No shortage of treats here: my aunt adored perfume and had many admirers. She is the only woman I have known who once had champagne drunk from her slipper – “messy”. Scent was then the supreme adult treat. It was said to be imported from Paris at ruinous cost, applied with great and cautious ceremony and worn on only the most significant of occasions. A bottle lasted for years: children were not supposed to touch but I remember flacons and their labels being all stained and gummy with drips and drops from what I suppose were now-outlawed ingredients. You knew something monumental was afoot when perfume was in the air, and I think even then I realised that the application of scent implied heightened emotions and consequently tension, if not ructions, in the adult world.

On that fascinating dressing table in the icy blue bedroom I first smelled Coty’s Muguet des Bois, Ma Griffe, Femme, Cabochard, Quelques Fleurs, Tweed (“The Finishing Touch”) and the Grossmith runaway bestseller White Fire which was a novelty then: it was launched 60 years ago this autumn. Dry, flowery, powerful, aldehydic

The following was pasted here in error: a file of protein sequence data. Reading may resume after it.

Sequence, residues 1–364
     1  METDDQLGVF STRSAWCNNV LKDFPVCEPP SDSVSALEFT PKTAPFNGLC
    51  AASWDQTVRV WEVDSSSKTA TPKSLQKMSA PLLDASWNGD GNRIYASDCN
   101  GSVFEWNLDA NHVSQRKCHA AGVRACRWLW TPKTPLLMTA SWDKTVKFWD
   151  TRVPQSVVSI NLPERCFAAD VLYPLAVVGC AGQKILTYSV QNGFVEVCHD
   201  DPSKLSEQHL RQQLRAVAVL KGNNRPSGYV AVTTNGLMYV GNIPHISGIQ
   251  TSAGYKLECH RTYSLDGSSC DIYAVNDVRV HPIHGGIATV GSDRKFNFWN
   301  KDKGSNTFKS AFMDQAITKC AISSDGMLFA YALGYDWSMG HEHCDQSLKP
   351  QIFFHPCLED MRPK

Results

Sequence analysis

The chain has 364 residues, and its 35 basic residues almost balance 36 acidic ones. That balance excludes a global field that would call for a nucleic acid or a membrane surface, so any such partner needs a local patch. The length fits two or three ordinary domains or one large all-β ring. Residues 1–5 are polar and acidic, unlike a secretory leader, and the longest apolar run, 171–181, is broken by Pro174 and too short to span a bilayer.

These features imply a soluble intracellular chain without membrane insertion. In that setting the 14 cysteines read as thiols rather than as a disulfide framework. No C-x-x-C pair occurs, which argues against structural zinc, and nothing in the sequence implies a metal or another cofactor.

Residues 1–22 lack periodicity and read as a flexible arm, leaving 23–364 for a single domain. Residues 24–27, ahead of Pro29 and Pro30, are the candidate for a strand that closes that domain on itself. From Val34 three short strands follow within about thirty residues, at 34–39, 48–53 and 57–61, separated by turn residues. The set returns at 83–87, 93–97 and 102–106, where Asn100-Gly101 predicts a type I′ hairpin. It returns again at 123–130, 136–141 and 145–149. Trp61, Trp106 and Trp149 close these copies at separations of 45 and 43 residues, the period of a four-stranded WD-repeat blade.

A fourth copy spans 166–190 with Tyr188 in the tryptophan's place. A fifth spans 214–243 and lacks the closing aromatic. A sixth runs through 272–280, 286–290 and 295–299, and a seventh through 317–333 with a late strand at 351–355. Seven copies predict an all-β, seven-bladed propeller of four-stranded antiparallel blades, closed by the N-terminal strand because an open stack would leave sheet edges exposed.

White Fire gusts through my memories wafting from car coats and accordion pleated skirts, mingling with the smell of hair spray, face powder and setting lotion. One caught a whiff of it at Sports Days, Carol Services and tennis teas. It was not only delicious, exuberant and tenacious, but an empire product, too – “made in Britain” – which to many was an added benefit. To me it is inseparable from those crinolined summer dresses (‘Horrockses Frocks’), white gloves and Aertex shirts which marked the setting forth on a great occasion in the 1950’s, everyone twitching with nerves: “I’ll smack the back of your legs!” Nowadays everyone seems to reel from one treat to another: we have become so blase and spoiled. If someone gave me a treat today I don’t think I’d quite know what to do with it. But a smell of long-ago White Fire – ah! Now, that I would love…